In an Op-Ed published on The Hill, Loretta Herrington of the World Institute on Disability expressed support for the establishment of “quality standards” for new Federal Communications Commission (FCC) conditional approval of Internet Protocol Captioned Telephone Service (IP CTS) providers that utilize only automatic speech recognition (ASR) technology. Two letters were sent to the FCC supporting these standards: One from Reps. Jim Langevin (D-RI) and Don Young (R-Alaska), co-chairs of the Bipartisan Disabilities Caucus, and one from Sens. Jon Tester (D-Mont.) and Jerry Moran (R-Kan.)
The ruling has been controversial, in part, because some argue that the “functional equivalence” between ASR and the current use of live captioning assistants (CAs) is undefined; there is currently no common standard for caption quality under the American with Disabilities Act (ADA). A more detailed look at the issues appears in a 2018 online article in Hearing Review.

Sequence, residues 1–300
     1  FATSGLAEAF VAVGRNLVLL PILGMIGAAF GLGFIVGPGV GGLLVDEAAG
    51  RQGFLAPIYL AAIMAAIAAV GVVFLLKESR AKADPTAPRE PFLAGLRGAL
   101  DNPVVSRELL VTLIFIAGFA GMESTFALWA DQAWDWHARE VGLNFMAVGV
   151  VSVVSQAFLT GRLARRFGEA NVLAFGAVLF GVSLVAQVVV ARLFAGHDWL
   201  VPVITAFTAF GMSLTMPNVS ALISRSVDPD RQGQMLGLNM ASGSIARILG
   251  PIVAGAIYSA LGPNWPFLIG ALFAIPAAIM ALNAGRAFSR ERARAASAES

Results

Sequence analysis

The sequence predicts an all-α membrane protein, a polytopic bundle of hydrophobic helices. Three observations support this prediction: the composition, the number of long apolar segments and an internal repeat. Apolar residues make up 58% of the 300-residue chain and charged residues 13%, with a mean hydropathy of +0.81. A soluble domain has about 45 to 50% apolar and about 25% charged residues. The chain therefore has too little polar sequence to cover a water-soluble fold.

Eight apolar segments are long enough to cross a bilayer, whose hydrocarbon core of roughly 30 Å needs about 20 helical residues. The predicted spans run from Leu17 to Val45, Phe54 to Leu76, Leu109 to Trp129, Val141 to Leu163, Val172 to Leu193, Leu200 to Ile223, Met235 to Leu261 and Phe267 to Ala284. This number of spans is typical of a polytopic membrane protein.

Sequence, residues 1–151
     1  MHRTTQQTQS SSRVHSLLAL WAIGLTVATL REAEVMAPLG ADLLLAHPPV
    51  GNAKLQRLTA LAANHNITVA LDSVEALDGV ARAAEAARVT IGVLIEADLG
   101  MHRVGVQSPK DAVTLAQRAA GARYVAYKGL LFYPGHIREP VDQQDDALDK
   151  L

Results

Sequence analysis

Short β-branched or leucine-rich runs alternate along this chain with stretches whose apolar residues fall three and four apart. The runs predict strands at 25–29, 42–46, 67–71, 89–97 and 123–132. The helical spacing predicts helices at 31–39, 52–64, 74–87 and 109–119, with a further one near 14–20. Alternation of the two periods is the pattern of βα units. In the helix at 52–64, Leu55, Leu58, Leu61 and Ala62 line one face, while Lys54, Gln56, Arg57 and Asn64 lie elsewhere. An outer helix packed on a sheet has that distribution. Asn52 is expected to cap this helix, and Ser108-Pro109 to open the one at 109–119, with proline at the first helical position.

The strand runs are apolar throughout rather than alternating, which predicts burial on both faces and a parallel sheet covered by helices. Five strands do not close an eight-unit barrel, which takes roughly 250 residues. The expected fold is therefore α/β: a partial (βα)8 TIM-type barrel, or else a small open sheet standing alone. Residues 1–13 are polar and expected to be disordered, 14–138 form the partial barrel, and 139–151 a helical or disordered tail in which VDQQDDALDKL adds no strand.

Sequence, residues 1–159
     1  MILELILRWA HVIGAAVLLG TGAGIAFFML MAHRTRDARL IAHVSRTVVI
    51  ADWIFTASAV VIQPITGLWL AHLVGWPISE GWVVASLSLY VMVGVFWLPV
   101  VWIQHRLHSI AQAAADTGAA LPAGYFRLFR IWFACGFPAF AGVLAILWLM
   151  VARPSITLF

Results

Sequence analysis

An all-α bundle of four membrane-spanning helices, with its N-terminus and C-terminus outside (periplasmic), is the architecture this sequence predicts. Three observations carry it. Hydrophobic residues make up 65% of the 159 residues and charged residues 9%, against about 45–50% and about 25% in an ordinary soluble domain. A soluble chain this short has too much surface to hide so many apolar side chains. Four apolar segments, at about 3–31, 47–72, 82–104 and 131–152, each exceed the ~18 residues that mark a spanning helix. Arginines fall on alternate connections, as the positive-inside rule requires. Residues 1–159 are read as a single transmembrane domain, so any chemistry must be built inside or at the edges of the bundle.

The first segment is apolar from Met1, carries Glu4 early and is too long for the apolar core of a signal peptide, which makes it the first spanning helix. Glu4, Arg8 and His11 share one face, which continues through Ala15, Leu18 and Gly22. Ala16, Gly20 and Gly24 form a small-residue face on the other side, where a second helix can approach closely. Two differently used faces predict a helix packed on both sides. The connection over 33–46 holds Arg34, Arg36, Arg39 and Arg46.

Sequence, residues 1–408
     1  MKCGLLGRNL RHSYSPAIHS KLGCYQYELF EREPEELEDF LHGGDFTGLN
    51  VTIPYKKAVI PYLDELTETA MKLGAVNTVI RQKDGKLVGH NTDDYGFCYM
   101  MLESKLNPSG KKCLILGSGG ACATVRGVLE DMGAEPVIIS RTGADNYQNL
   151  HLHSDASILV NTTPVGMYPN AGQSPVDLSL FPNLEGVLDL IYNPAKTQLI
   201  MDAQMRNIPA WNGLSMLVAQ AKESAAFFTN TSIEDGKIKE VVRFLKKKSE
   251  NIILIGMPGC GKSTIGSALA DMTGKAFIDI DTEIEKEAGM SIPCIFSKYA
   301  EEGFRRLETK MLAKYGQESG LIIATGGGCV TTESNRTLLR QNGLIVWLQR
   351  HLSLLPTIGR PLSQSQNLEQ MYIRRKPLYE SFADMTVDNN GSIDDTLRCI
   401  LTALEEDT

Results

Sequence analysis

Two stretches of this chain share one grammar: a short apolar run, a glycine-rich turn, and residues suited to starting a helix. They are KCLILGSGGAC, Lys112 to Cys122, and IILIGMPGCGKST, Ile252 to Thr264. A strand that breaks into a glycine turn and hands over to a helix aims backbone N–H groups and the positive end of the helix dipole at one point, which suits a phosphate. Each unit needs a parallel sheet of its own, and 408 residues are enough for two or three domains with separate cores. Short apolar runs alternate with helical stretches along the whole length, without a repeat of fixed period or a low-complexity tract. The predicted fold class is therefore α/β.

According to the article, “In June 2018, the FCC determined that ASR is permissible to deliver captioned telephone service based on a study conducted by the MITRE Corporation,” an analysis for which some have criticized as being too small and not representative of real-life communicative conditions.
To read the article in its entirety, please click here.
Source: The Hill